LONDON – British artist Tracey Emin was back in full force for her latest solo show at the White Cube gallery in London on Monday after a period of maintaining a low profile.
The exhibit, titled “A Fortnight of Tears,” marks the powerful return to a gallery space of the renowned English artist, featuring her trademark neon, voyeuristic photography and autobiographical sculpture and drawings.
“‘A Fortnight of Tears’ centers around Emin’s own pain, including her mother’s death, with works shown in the North Galleries evoking states of bereavement, mourning and enduring love,” the gallery said in a statement.
The work, all characteristically intimate and candid in its raw content, again sees the artist discussing her most personal feelings through fluid drawings and harrowing film, with the primary themes being love, life and death.
The show aptly launches by plunging the viewer into Emin’s world from the get-go as punters meander into the first space of the exhibition, named “Insomnia Room,” featuring 50 blown-up, unedited photos of the artist taken during sleepless nights.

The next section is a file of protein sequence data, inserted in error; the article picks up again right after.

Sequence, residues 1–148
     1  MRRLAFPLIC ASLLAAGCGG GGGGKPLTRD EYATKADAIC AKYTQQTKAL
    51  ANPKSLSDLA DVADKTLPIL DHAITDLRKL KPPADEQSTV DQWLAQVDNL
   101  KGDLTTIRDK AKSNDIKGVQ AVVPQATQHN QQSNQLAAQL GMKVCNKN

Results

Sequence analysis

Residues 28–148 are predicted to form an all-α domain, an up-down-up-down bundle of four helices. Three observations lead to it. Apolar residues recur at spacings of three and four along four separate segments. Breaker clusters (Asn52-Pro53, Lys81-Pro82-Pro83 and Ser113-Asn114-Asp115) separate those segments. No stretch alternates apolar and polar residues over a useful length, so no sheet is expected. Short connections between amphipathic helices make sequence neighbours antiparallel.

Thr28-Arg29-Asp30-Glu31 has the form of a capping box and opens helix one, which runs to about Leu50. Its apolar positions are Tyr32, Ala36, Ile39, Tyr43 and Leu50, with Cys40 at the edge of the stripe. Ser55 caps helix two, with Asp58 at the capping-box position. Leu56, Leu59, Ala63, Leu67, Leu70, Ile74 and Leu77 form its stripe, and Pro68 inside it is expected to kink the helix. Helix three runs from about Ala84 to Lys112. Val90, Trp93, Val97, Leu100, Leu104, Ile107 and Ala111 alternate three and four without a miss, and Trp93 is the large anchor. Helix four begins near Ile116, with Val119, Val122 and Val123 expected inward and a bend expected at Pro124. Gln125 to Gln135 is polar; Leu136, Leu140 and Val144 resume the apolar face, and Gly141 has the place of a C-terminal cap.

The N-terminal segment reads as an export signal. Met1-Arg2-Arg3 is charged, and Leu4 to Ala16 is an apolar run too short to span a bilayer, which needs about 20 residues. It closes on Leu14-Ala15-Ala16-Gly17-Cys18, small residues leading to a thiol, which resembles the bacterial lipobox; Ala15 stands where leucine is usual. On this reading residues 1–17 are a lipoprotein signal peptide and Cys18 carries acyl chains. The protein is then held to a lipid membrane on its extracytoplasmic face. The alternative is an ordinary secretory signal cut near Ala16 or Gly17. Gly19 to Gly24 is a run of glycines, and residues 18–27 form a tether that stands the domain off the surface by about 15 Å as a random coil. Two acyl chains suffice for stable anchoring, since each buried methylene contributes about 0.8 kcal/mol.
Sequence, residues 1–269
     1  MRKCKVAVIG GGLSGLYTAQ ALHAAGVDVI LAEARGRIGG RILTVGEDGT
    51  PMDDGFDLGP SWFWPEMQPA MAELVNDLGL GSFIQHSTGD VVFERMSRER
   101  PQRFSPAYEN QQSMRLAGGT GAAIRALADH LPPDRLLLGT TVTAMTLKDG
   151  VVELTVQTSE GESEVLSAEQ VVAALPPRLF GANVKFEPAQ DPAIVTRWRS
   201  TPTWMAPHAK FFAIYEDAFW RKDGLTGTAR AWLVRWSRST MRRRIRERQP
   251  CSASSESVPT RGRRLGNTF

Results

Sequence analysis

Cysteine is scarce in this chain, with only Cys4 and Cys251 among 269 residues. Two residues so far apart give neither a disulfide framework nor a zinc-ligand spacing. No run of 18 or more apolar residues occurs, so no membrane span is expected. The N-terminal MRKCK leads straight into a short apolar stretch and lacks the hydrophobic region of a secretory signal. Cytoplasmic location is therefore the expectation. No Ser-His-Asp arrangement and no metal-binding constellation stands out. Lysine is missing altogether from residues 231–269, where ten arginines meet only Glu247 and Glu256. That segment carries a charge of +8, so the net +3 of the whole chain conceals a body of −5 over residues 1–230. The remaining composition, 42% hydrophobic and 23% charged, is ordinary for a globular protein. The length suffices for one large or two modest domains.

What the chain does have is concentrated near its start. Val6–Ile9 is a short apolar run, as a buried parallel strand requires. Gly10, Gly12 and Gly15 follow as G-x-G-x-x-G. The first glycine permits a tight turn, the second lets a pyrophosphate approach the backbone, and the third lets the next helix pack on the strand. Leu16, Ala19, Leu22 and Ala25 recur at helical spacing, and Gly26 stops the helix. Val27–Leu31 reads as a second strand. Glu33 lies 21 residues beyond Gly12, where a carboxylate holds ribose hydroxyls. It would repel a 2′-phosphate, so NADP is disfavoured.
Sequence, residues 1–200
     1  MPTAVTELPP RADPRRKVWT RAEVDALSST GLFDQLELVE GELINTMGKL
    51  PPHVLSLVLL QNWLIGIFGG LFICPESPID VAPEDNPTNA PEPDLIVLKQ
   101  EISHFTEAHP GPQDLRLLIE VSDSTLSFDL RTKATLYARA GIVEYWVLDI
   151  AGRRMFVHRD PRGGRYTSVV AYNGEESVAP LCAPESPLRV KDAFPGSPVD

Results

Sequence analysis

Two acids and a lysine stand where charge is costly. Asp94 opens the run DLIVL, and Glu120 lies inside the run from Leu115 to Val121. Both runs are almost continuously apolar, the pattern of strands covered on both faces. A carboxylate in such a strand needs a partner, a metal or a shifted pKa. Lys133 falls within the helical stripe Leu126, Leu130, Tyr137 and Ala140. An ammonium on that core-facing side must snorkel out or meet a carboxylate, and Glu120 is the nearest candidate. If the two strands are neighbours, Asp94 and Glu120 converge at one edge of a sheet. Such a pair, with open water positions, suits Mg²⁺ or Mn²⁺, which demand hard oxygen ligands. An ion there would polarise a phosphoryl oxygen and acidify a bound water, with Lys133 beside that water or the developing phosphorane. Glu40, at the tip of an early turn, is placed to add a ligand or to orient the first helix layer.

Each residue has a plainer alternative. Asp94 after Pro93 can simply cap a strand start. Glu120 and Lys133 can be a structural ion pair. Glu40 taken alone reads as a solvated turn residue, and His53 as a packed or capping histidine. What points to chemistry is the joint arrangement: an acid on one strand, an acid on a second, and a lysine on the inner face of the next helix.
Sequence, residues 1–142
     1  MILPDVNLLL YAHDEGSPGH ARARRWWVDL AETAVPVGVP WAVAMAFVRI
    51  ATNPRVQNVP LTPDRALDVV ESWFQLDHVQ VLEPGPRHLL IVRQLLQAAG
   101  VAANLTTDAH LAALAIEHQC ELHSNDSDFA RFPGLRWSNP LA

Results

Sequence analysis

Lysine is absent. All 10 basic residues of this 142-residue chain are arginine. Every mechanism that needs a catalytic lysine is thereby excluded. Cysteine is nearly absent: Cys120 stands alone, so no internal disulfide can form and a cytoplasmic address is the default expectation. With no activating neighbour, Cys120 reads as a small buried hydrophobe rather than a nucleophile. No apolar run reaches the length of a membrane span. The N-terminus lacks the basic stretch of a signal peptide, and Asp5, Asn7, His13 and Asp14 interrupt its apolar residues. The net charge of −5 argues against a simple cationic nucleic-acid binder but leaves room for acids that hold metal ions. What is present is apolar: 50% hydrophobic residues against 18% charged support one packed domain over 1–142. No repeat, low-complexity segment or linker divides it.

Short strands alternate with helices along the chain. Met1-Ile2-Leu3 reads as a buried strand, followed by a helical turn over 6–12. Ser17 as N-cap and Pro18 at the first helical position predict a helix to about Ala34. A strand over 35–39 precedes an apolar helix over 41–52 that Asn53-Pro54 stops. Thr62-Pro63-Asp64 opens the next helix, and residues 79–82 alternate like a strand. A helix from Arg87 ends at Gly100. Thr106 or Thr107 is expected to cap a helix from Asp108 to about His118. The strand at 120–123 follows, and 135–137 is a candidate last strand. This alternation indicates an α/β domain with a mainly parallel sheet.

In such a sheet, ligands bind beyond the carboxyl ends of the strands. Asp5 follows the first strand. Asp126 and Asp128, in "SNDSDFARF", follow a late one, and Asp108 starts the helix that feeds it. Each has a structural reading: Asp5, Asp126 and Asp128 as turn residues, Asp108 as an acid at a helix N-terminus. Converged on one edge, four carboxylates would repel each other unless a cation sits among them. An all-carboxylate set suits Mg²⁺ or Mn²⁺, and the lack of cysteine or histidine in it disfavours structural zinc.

Visitors also get to enjoy a range of Emin’s drawings and paintings, again autobiographical in nature but much softer in tone, depicting her body in hues of rose pink and red with hints of mauve reminiscent of Egon Schiele’s unapologetic sensuality.
In a never-before-seen film about her anguish at her mother’s death and her experience of taking her remains home, the artist said: “I carried her ashes across the street – trying not to cry, trying not to think. It somehow felt wrong, like I was stealing something – like I was a thief.”
In addition to the new works, a selection from Emin’s archive is presented organized by themes around the subjects of death, fear, sex and love.
In the ongoing discourse between life and death, the exhibition wraps up with a re-run of her 1996 “How It Feels,” a film of the artist roaming the streets of East London after having an abortion.
Emin rose to fame in the 1990s as one of the artists involved in the Young British Artists movement.
The YBAs were known for their often shocking content and the group brought together several visual artists of the period whose work was characterized by pushing the limits of decency and, as such, garnered much media attention.
Emin first rose to fame with “My Bed,” an installation piece which presented her own unmade stained bed featuring objects around it like her knickers stained with menstrual blood and used condoms. The work was shortlisted for the Turner prize in 1999.
A Fortnight of Tears is on show at the White Cube in Bermondsey from Feb. 6-April 7.